Updated: 05/30/2017

We’ve all been there before, on a favorite local trail in early season. The warm spring sun has melted the snow, and the trail looks tantalizingly close to sweet summer singletrack. Then, it happens: You round the corner to find a remnant snow patch and muddy section of trail.

Check Breckenridge trail conditions at BreckenridgeTrails.org. Photo by Daniel Dunn

Check Breckenridge trail conditions at BreckenridgeTrails.org. Photo by Daniel Dunn

Someone has already passed this way, leaving deep, muddy tracks in the trail. You wonder, does snow blanket the trail ahead, or is this an isolated snow patch? Did the other trail users exercise good judgment, or did they cause lasting trail damage? Should you continue, or is this the turnaround point?

Spring trail conditions in the High Country can vary widely based on many factors: time of year, solar aspect, elevation, time of day, drainage patterns, depth of snowpack, soils and more. Some trails — or even sections of trails — can be dry, while others are quite muddy or still skiable. What are some tips for deciding when to use High Country trails in springtime?

  1. Educate yourself. Local shops, welcome centers or land managers can often help direct you to dry, early-season trails. Locally, www.breckenridgetrails.org offers an updated trail conditions webpage.
  2. Be ready to turn around when you encounter snow or mud. This will prevent local trails from becoming rutted and muddy, conditions which require more trail maintenance.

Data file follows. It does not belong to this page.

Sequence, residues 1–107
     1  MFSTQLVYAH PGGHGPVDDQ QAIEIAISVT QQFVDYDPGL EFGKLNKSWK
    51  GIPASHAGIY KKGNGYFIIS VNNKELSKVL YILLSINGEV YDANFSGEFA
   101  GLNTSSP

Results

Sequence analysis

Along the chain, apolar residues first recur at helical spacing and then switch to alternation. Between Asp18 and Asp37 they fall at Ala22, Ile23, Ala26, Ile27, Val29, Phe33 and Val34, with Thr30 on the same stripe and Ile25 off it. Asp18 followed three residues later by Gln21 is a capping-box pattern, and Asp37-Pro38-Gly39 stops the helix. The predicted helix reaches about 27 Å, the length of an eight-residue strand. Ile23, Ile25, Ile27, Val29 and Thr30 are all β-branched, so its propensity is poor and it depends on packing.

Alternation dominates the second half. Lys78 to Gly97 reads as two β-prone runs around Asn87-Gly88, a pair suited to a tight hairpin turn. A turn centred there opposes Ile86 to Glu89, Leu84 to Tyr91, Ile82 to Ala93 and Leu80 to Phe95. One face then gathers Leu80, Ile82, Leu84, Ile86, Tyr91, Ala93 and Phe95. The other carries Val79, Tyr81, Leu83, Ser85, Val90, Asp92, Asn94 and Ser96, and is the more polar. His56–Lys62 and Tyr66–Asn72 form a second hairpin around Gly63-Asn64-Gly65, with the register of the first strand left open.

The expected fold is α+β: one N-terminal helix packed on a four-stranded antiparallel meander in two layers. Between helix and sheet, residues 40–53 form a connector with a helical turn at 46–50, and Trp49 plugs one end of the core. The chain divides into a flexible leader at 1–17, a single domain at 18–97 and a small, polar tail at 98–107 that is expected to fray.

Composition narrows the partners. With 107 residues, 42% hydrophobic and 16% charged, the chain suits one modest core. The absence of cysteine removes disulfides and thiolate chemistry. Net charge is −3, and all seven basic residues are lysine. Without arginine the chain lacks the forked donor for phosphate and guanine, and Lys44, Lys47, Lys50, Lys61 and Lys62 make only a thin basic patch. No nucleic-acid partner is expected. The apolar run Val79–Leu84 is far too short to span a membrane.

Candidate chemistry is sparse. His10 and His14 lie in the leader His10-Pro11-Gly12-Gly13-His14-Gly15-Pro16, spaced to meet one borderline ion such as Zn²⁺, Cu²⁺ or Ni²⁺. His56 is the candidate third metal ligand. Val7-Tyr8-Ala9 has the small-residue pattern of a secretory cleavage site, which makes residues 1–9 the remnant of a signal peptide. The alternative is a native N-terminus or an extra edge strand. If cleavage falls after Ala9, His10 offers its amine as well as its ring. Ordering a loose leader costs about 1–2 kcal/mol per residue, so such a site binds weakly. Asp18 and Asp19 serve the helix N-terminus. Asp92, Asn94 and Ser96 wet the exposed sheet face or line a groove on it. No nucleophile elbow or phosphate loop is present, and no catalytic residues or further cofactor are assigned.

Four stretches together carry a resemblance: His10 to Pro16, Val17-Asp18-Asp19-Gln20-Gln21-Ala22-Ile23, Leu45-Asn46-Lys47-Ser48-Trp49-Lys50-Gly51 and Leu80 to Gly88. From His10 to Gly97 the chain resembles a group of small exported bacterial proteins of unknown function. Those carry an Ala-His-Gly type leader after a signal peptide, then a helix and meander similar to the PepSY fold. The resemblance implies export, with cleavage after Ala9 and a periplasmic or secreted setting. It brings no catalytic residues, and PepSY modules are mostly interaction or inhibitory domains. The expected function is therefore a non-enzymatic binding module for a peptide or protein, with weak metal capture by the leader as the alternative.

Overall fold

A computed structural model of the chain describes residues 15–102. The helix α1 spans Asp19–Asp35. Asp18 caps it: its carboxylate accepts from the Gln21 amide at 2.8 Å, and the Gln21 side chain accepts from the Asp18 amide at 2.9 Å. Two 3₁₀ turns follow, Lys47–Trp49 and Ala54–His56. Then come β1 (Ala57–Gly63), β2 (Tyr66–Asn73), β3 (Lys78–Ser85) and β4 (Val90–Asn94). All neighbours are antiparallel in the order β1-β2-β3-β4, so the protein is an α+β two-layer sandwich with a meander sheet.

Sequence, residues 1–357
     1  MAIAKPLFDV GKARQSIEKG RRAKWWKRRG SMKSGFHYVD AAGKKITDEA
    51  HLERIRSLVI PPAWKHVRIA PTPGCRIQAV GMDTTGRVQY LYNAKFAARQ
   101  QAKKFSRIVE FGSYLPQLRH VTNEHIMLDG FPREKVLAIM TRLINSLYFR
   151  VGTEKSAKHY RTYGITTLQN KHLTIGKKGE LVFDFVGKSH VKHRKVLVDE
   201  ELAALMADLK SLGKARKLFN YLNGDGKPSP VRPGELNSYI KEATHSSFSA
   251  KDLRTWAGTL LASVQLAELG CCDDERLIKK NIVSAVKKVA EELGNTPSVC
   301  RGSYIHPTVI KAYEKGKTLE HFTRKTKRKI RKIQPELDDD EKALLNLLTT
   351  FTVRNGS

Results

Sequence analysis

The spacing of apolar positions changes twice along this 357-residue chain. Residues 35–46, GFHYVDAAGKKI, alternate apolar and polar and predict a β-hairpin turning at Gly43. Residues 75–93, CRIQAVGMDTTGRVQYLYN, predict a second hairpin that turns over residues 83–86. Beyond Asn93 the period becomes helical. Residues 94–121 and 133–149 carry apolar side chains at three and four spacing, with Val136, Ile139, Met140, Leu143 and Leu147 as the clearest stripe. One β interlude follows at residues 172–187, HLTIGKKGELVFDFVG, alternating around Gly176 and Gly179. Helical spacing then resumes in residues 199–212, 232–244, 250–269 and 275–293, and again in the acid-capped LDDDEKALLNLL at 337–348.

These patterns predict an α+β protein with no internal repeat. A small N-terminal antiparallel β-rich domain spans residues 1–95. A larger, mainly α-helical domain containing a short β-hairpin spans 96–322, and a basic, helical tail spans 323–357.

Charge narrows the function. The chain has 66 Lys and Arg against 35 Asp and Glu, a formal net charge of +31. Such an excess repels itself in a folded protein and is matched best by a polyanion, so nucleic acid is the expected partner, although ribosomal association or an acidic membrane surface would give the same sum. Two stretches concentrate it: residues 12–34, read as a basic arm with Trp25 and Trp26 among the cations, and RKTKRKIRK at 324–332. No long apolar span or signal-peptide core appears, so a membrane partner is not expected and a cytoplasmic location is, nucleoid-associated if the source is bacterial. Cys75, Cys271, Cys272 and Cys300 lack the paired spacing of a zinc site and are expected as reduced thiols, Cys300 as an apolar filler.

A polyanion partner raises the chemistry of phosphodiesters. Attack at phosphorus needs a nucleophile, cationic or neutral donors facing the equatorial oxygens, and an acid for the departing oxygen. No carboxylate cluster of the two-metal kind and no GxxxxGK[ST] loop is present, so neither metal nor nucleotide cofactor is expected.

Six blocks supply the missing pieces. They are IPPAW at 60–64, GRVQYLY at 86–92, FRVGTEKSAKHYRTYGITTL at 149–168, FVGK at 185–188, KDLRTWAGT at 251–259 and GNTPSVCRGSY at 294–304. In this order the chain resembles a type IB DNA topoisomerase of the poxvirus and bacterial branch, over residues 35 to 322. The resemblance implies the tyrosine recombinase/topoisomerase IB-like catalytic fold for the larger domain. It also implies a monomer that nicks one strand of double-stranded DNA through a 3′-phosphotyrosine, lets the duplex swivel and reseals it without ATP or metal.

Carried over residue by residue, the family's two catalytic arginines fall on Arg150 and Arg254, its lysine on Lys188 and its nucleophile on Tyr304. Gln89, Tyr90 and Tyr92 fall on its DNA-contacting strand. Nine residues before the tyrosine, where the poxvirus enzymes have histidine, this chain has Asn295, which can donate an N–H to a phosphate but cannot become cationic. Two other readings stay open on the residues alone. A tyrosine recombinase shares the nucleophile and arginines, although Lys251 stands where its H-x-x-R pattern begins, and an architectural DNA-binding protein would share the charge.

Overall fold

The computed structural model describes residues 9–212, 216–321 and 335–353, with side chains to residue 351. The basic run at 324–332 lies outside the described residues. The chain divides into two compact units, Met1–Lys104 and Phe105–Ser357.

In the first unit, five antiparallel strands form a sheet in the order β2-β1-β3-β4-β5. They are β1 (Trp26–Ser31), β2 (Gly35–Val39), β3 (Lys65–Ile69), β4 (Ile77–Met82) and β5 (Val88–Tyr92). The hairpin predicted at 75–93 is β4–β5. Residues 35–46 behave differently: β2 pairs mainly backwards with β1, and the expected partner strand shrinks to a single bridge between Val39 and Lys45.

3. Use good judgment. Our trails are community assets. Waiting for mud and snow to clear will help ensure their long-term sustainability.
  4. Ride or walk through, not around, isolated muddy spots. Help keep singletrack single.
  5. Check your bike or your shoes after your trip — are they covered in mud? If so, you probably should have turned around or chosen a different trail.
Would you rather have local trail crews and volunteers fixing ruts and other problems, or building new singletrack?

Avoiding muddy trails means crews and volunteers spend less time fixing ruts and more time building new singletrack, such as the V3 trail, constructed in 2012.

Every year, trail users new to Summit County cause significant damage by riding or hiking on trails before they are dry. This affects others’ trail experiences, sets a poor example for others, and results in costly trail repairs. Would you rather have local trail crews and volunteers fixing ruts and other problems, or building new singletrack? Please do your part by enjoying dry trails, avoiding muddy ones, and using the paved recpath until the snow recedes.

Volunteering for local trail projects will also provide you with an entirely new perspective on what it takes to build and maintain a world-class trail system. Thanks, and see you on the trail!

Scott Reid is an open space, trails and recreation director for the Town of Breckenridge. He has more than a decade of experience designing, building and maintaining trails. www.BreckenridgeTrails.org

 

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